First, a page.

The Literacy Campaign’s History
The literacy campaign was a national task promoted by the Cuban government that took place in all the territory in 1961.
Its main objectives were: to reduce illiteracy and increase the educational level in the population.
This campaign began since 1960 and officially ended on 22 December 1961.
At that time, the revolutionary government in a public ceremony in the Jose Marti Revolution Square, declared Cuba as a territory free of illiteracy.
The literacy campaign was coordinated and controlled by the National Committee for Literacy and Basic Education, which was created in March 1959 and was composed by governmental and nongovernmental organizations.
The Commission included a Technical Section, which was in charge of organizing the pedagogical work, literacy training and statistics work.
The specific literacy tasks were decentralized and placed into the provincial and municipal levels.
During the campaign, it took place the National Literacy Congress – from 2 -5 November, 1961 – and the International Student Seminar on Illiteracy.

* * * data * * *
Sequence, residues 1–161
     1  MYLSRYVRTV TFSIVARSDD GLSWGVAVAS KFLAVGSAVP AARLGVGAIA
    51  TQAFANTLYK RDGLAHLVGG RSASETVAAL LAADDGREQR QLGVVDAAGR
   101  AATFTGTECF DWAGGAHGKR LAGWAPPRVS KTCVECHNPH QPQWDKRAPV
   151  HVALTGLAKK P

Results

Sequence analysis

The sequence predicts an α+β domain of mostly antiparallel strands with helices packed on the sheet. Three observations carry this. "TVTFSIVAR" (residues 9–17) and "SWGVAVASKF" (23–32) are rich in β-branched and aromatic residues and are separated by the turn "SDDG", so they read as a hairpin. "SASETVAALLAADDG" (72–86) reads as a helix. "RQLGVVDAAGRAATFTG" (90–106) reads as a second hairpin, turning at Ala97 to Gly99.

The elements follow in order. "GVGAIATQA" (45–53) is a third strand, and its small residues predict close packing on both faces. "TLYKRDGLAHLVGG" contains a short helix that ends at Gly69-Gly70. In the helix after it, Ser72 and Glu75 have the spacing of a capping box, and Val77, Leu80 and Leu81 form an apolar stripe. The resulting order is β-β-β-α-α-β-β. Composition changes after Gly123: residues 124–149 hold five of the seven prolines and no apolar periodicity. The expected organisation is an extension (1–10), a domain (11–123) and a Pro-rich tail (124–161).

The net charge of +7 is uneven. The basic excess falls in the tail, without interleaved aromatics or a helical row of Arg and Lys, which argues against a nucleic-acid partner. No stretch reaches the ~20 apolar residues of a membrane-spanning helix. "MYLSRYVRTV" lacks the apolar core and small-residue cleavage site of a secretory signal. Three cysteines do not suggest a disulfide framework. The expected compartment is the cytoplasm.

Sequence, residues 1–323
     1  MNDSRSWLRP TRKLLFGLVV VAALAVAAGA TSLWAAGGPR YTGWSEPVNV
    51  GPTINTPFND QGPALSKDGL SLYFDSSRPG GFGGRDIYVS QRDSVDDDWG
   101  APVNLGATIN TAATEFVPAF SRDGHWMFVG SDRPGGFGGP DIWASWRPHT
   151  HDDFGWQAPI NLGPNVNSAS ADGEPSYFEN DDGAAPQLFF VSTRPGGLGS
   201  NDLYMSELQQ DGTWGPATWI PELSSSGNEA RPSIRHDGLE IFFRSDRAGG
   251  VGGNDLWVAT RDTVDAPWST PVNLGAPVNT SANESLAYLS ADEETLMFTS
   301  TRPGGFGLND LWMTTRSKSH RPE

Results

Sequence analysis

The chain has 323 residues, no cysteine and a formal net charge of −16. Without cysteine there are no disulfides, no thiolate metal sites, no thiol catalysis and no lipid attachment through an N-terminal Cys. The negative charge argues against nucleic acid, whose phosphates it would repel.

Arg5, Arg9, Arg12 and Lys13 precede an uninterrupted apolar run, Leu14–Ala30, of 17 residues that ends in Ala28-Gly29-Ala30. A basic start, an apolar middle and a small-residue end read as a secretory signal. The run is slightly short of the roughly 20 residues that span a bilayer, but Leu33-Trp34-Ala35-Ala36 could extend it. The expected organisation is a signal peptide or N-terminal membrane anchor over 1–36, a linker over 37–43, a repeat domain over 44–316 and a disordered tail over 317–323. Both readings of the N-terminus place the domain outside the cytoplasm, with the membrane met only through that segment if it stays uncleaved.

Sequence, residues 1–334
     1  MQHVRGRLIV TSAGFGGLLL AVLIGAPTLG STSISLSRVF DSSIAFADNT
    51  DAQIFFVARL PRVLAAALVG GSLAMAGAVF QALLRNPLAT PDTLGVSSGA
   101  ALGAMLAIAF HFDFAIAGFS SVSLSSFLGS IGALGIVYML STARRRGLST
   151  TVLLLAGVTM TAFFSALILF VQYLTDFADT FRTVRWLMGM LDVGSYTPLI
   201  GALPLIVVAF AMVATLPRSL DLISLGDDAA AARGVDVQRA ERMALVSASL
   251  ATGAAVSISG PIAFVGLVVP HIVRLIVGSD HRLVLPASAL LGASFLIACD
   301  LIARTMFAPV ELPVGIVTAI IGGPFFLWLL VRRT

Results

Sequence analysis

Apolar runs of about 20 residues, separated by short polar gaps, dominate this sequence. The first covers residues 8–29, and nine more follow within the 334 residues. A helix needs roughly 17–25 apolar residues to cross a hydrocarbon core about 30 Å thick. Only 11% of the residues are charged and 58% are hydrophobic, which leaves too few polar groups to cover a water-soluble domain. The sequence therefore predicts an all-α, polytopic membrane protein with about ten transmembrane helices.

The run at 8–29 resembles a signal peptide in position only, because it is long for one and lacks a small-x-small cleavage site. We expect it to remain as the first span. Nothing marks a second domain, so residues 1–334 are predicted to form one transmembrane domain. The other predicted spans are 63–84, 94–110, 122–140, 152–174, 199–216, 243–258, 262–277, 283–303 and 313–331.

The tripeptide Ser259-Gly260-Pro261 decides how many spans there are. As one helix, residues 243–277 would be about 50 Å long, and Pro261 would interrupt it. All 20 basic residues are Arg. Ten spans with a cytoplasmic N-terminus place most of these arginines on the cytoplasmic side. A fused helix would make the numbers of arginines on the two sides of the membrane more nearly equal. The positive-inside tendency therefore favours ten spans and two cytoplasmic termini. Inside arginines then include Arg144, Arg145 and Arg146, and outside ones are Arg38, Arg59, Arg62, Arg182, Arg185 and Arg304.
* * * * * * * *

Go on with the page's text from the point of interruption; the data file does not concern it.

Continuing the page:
Literacy Campaign and its influence
The influence of the Literacy Campaign brought a number of educational measures that were applied by the revolutionary government.
On January 1961 the National Council of Culture was established, today current Ministry of Culture, which was given the task of creating a network of libraries that facilitate access of the population to the books collected by the revolutionary government.
In 1962 the National Publishing House of Cuba was created, and the December 26th, 1960 the first comprehensive education reform was available.
On 6th, June of the same year the General Nationalization Law of Education was issued.
In its budgets was established that the Cuban education had a public character, which should be provided by the State as non-transferable duty and it was also a right that all Cubans should be guaranteed without discrimination and free of charge.
Results of the Literacy Campaign
The literacy campaign had for Cuba a great the magnitude of scope for that reason and to represent that stage, 1961 was proclaimed “Year of Education”.
A census conducted between November of 1960 and August of 1961 recorded 985000 illiterates in Cuba.
Given this figure, during the course of that year 1961 707212 people became literate and the campaign reduced the illiteracy rate from 20 percent to 3.9 percent.
This educational achievement also allowed the eradication of illiteracy and provided universal access to all levels of education free of charge.
The literacy campaign was favored by an educational environment where radio, television and the press played a leading role in the dissemination of knowledge of hygiene, health, art and many more.